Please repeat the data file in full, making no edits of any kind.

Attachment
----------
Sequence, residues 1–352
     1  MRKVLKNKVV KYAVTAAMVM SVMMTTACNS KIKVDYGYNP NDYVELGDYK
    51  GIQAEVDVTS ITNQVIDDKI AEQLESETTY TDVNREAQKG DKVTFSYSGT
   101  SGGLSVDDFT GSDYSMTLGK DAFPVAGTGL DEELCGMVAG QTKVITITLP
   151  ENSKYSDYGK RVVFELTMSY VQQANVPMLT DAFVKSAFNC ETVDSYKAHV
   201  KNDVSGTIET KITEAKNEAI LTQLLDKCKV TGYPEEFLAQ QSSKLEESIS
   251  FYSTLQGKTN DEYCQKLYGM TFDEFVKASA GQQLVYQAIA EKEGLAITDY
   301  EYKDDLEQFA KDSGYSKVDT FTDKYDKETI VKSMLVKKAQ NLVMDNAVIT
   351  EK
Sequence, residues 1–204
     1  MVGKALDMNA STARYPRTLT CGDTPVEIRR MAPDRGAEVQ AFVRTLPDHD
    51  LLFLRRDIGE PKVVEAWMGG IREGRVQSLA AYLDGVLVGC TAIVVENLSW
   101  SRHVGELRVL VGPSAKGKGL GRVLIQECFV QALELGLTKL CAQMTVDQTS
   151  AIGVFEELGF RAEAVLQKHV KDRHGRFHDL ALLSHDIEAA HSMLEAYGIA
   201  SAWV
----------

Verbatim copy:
Sequence, residues 1–352
     1  MRKVLKNKVV KYAVTAAMVM SVMMTTACNS KIKVDYGYNP NDYVELGDYK
    51  GIQAEVDVTS ITNQVIDDKI AEQLESETTY TDVNREAQKG DKVTFSYSGT
   101  SGGLSVDDFT GSDYSMTLGK DAFPVAGTGL DEELCGMVAG QTKVITITLP
   151  ENSKYSDYGK RVVFELTMSY VQQANVPMLT DAFVKSAFNC ETVDSYKAHV
   201  KNDVSGTIET KITEAKNEAI LTQLLDKCKV TGYPEEFLAQ QSSKLEESIS
   251  FYSTLQGKTN DEYCQKLYGM TFDEFVKASA GQQLVYQAIA EKEGLAITDY
   301  EYKDDLEQFA KDSGYSKVDT FTDKYDKETI VKSMLVKKAQ NLVMDNAVIT
   351  EK
Sequence, residues 1–204
     1  MVGKALDMNA STARYPRTLT CGDTPVEIRR MAPDRGAEVQ AFVRTLPDHD
    51  LLFLRRDIGE PKVVEAWMGG IREGRVQSLA AYLDGVLVGC TAIVVENLSW
   101  SRHVGELRVL VGPSAKGKGL GRVLIQECFV QALELGLTKL CAQMTVDQTS
   151  AIGVFEELGF RAEAVLQKHV KDRHGRFHDL ALLSHDIEAA HSMLEAYGIA
   201  SAWV